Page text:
oppression and agency
I chose to look at the specific oppressive institutions in each case and the ways in which they affected the agency or subjectivity of each of the populations examined. The Chicana group, Moraga and Anzaldua specifically, but also the larger group of individuals who identify as Chicana, are oppressed mainly postmodern scholars who attempt to render their identities problematic by stating that they are â€śessentialistâ€? and â€śfoundationalâ€?. To resist the misquoting and misinterpreting that goes on regularly by postmodern scholars of Chicana work, they have created a realist theory of identity. They see identity as â€śrelational and grounded in historically produced social factsâ€? and specifically focus on the way that social, political, economic, and epistemic components of social location affect the lives of individuals. Additionally, Moraga discusses a â€śtheory in the fleshâ€? which basically just notes that women of color will develop a necessary method of action which changes regularly with an individualâ€™s understanding of her/his own social location.
The imprisoned women of India and Argentina are oppressed clearly by the state. In the reading provided it was clear that the state curtailed their disciplinary and torturing behaviors specifically to the women who were imprisoned and that it attempted to â€śmake an exampleâ€? of the consequences of immorality through these very behaviors. They did so by murdering the baby and/or the mother, torturing the baby physically, taking babies from mothers and many other tactics. The resistance that came out of these situations is complex and could easily be lost as it is mostly comprised of minute daily-life details.
Some of this resistance consisted of singing nursery rhymes and songs during torture or, in Hannaman, everyone called each other by familial names thus creating a family or community within these prison settings. These acts of resistance were extremely significant as they were direct responses to the attempt of the state to take family and motherhood from these individuals. When it was taken from them they simply made their best attempt at recreating it. An additional aspect of resistance seen in these writings is the fact that they exist. Towards the beginning of the article it was stated that in these two societies women were expected to remain in the private sphere and be quiet and passive. Through writing about the experiences, and especially because they did so in a very powerful way not depicting themselves as victims, these women resisted the most basic aspect of the stateâ€™s oppression.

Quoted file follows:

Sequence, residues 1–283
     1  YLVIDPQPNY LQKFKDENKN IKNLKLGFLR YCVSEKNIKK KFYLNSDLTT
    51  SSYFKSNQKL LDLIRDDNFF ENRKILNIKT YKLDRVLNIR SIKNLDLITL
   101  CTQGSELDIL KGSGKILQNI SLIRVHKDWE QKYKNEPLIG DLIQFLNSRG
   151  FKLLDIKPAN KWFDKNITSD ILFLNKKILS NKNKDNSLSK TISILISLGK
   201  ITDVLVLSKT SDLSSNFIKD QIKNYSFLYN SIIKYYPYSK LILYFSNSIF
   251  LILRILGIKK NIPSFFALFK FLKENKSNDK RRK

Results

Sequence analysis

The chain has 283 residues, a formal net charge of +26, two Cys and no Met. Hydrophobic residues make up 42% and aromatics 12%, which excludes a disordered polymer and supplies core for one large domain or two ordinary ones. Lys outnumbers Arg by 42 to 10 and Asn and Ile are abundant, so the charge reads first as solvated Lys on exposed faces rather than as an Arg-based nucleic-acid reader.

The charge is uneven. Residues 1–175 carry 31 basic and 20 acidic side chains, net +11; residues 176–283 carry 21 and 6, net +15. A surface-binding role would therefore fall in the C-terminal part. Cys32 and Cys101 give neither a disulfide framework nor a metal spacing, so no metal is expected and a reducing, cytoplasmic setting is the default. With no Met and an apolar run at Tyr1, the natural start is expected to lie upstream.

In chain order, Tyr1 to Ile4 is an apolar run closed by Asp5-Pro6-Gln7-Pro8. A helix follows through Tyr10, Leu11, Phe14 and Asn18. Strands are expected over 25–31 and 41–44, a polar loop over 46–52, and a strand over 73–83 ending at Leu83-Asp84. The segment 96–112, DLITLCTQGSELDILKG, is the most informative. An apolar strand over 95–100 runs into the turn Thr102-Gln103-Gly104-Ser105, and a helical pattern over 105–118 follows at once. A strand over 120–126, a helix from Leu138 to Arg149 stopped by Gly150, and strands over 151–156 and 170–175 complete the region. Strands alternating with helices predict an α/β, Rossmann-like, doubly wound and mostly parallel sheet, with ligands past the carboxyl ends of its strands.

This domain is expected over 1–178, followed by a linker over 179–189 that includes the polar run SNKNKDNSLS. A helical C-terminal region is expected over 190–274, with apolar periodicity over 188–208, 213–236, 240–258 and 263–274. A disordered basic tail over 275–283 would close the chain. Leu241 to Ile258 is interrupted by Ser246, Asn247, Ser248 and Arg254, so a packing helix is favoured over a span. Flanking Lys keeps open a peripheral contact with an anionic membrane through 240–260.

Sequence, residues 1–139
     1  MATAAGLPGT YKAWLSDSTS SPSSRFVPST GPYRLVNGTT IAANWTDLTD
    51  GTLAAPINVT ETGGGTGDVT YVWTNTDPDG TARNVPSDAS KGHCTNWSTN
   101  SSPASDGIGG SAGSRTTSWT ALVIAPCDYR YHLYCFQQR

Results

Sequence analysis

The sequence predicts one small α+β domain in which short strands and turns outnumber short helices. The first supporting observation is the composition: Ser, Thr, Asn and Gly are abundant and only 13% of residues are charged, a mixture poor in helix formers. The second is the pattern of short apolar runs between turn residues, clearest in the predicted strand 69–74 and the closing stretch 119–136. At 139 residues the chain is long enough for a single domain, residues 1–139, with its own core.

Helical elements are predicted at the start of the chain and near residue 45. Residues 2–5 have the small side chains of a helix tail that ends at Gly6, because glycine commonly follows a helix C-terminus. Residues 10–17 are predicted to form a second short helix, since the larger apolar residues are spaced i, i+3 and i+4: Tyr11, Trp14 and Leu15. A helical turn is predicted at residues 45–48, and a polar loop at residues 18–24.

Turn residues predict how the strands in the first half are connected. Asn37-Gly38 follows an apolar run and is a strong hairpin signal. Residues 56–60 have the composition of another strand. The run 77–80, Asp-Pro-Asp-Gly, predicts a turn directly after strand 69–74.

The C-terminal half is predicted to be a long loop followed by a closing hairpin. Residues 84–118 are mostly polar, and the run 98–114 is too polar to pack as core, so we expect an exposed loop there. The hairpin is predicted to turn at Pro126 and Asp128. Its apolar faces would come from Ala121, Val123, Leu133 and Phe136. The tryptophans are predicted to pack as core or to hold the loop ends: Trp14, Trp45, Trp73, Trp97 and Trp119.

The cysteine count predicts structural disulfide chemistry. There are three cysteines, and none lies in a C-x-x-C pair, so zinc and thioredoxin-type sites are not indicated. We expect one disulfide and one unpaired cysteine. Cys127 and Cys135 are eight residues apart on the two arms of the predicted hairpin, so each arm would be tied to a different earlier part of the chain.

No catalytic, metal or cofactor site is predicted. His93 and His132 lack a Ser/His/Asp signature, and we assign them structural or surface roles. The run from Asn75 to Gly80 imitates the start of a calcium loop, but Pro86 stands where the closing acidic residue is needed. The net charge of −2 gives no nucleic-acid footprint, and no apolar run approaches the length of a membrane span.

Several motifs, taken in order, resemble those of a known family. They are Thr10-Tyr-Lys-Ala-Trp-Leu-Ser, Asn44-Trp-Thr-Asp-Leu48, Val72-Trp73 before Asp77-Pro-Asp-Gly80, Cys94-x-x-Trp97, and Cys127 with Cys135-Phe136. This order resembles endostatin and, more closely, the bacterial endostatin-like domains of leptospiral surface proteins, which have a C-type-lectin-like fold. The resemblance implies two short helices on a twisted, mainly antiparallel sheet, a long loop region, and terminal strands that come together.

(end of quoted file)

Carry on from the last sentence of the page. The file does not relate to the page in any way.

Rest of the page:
The Creole Surinamese women are oppressed by some overlapping factors. Firstly, they were oppressed as they found their employment in â€śhiddenâ€? or frequently overlooked fields. Especially for this reason, they frequently worked jobs that offered little compensation. This particular group is also oppressed by Caribbean gender relations in that society in general is very male dominated. Men take the better jobs, are allowed to be involved in politics, are listened to when it comes to important issues. Additionally, these women are oppressed by the class-based aspect of their society.
To resist, the Creole Surinamese women reorganized the ways in which they lived their lives. They refused to base their personal and daily lives on men; rather, they bonded together as women to provide for each other economically, socially, sexually, and in other ways as well. This situation disturbs the male dominance within society as a whole within their community. They also worked hard to create organizations in which they could push for the accomplishment of goals that were important to them. When no one else from the community seemed to care that teachers were taking money from children or that children were insufficiently fed, they took action and worked with the education system and provided food for school children.